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“It was November--the month of crimson sunsets, parting birds,

deep, sad hymns of the sea, passionate wind-songs in the pines." - L.M. Montgomery, Anne of Green Gables

Jefferson County Attractions

Parent Category: Washington Counties
Created: 04 June 2014

Population: 30,076

Area:  2,183 square miles

County Seat: Port Townsend

OVERVIEW

Jefferson County is located on the Olympic Peninsula in the northwestern part of Washington State. The county is located between Clallam, Mason, Kitsap, Grays Harbor counties and the Admiralty Inlet. Jefferson County was named in honor of President Thomas Jefferson. The population of the county is around 30,000 people. The county seat is Port Townsend. Jefferson County is connected to Kitsap County by the Hood Canal Bridge. The Washington State Ferries take visitors from the Keystone-Port Townsend to Whidbey Island.

HISTORY

Photo from Jefferson CountyFirst white people came here in 1775; later Captain George Vancouver led the exploration of the inland waters of the Strait of Juan De Fuca and Puget Sound. After the exploration of this land, first settlements began to grow here. It should be said that early settlers came here not only by land, but also by sea. Farming, logging, canneries, sawmills and shipbuilding became main industries in the economy of the region.

Jefferson County was created out of Thurston County in 1852.

COUNTY SEAT

Port Townsend is the county seat of Jefferson County and the only incorporated city in it. The city was founded in 1851 and is located about 40 miles northwest from the city of Seattle. The population of the city is about 10,000.

Port Townsend is known not only for its’ beautiful nature and scenery, but also for its’ history. There are many Victorian buildings from the 19-th century that still can be found here. The city holds numerous cultural events and offers great and different opportunities for recreation.

ATTRACTIONS

Olympic National Park

The Olympic Peninsula is the land of diversity. On the west it borders with the Pacific Ocean, on the east with the Hood canal and on the north with the Strait of Juan de Fuca, and at the same time it is home for majestic Olympic Mountains.

The main attraction on the peninsula is the Olympic National Park, but there are so many other destinations and places to visit around the area.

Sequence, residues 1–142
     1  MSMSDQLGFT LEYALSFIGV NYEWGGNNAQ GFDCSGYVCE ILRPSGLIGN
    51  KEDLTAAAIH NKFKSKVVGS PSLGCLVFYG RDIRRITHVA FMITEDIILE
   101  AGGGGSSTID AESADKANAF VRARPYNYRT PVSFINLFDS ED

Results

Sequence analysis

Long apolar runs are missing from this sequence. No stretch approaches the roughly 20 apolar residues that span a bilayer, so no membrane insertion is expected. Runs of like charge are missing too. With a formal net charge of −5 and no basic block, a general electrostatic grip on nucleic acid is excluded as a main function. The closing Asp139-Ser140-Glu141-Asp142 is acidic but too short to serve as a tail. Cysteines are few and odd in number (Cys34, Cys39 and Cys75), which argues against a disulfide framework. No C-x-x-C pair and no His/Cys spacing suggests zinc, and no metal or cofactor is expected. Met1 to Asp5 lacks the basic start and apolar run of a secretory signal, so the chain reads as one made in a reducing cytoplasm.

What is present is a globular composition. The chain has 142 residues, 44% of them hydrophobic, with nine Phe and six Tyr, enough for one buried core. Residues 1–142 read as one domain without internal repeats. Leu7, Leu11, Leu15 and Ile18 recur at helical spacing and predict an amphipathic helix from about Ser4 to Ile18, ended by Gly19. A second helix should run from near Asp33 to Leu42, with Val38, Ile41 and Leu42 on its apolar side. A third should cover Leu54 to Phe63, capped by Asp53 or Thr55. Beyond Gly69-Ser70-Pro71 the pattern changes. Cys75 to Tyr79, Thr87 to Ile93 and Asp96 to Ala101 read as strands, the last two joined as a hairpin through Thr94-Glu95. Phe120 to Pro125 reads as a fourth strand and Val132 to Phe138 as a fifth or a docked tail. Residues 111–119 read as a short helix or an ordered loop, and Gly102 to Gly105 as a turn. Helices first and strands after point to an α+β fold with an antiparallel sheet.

The Olympic National Park is a great place to visit with its sunny beaches, green rain forests, snow-capped mountains and a great variety of flora and fauna. The main characteristic of the park is wilderness, though many roads and trails will provide access to the most visited places.

The must see of the Olympic National Park is Hurricane Ridge. It is an easy trip that will take visitors to 5, 200 feet elevation. Numerous trails open great views on spectacular Olympic Mountains and their white glaciers, breathtaking view on the Strait of Juan de Fuca and stunning alpine meadows. Some of these trails are very easy and others are very difficult, but all of them give the opportunity to feel the real beauty of this region.

The Hoh Rainforest

Photo from Jefferson CountyThe Olympic Peninsula is home for gorgeous rainforests. Bigger part of the forests is situated in the western part of the region. Usually Pacific Ocean air brings a lot of rainfall to this part of the peninsula that result in the great conditions for temperate rain forests.

The Hoh Rainforest  is one of the largest temperate rainforests in the U.S. which stretches from the mountains to the shore. The park was established by President Franklin D. Roosevelt in 1938. After visiting this area, the president was so impressed with the beauty of nature of the old trees and the magnificent wildlife within the forest that he decided to declare this area a national park.

The Hoh Rainforest is located beside the Hoh River, which was formed by glaciers many years ago. The Hoh Rainforest as every rainforest receives quite a lot of rain each year. Rainfall accumulates in the region between 140 to 170 inches per year.

What is special about the Hoh rainforest is that trees there may be more than 1000 years old, and every tree is covered with its own plant life. This fact makes it an individual small microcosm.  The most predominant species of the Hoh Rainforest are: Sitka Spruce, Coast Douglas-fir, Western Redcedar, Vine Maple, Red Alder and Black Cottonwood. As for the species of the fauna, the most dominant are: Olympic Black Bears, Raccoons, Northern Spotted Owls, Cougars, Bobcats and Black-tailed Deer.

Ruby Beach

Ruby Beach is located in Jefferson County about 27 miles from the town of Forks. It should be said that the beach got its’ name thanks to the pink sand, which got its color from the small particles of garnet it is made of. Ruby Beach is also famous for a great amount of driftwood and a great number of sea stacks.
 

Information: Marina Petrova

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